Their response reminded me of studies conducted with non-religious young adults. When these young adults were asked what they think about the church, typically their top answers have been: hypocritical, judgmental and anti-gay.

I’m going to share a few things folks said. In all fairness I’ve had to edit them quite a bit without losing the essence of their thoughts. As always, by hearing these folks, I’m not asking you to agree with them. I am asking you to listen and to try to understand them. We can offer that to anyone, regardless of how much we agree or not agree.

One friend who has a child who is transgender said,

The problem stems with the Bible. I realize that it’s Old Testament and a lot of folks discount much of what’s in the Old Testament, often touting the New Testament as being the kinder, gentler portion of the Bible. And while it’s often argued that “being gay isn’t the problem, acting gay is” … in other words, you can be gay as long as you act straight … that argument is idiotic. It’s a bit like telling a cat that it’s okay to be a cat, as long as you can bark like a dog.

And it leads to oppression and persecution, because it allows, or in fact, demands, that homosexuals, and other members of the LGBTQ community be persecuted. It is, to me, one of the most heinous parts of the Bible, and the Christian religion. And it’s unforgivable to me. I know those are very strong words, and I usually try to temper my words with as much understanding as I can. But this part stirs me up so much that I find myself being angry and resentful.

Another friend who identifies as queer— in other words, not having a definite sense of sexuality or even gender says,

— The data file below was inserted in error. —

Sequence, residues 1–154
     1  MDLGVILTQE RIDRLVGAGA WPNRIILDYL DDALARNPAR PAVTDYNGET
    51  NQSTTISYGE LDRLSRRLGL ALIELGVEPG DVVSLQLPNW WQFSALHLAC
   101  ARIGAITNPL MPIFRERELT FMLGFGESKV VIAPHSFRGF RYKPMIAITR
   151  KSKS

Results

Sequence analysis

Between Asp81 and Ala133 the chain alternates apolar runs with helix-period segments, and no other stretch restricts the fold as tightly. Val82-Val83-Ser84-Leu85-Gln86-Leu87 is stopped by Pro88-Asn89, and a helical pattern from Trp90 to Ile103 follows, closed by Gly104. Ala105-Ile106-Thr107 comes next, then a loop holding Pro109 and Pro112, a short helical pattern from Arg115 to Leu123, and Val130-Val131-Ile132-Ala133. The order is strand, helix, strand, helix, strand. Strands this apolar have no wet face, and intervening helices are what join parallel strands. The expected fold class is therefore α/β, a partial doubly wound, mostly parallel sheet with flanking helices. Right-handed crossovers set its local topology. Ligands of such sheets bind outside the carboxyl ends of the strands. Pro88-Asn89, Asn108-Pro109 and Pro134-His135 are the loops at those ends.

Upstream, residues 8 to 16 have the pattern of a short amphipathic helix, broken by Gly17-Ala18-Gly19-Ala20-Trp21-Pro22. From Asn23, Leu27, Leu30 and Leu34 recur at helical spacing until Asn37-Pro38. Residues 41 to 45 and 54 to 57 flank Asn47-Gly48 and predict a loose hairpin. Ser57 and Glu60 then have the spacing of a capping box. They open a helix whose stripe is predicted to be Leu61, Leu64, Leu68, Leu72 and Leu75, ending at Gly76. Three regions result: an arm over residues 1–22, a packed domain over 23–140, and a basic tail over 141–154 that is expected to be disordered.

I’m queer and there are many parts of this country I don’t feel safe in. If god created all things, then god created me and other LGBTQ people. Sadly the more Christian the environment the less safe I feel. I work at a suicide prevention hotline and we have many callers who have self harmed or have thought about killing themselves for something they have no control over. It is heartbreaking to hear stories of parents abandoning their children for being honest about who they are. You have not failed as a parent if your kid is LGBTQ. You have failed as a parent and as a Christian if you abandon your child for being who they are. People are literally dying because of the archaic views perpetuated by the church. Before you speak out and criticize someone for who they are, remember that what you say has an impact and can cost someone their life.

When I asked my friends what they would like to see the church do better, one friend replied,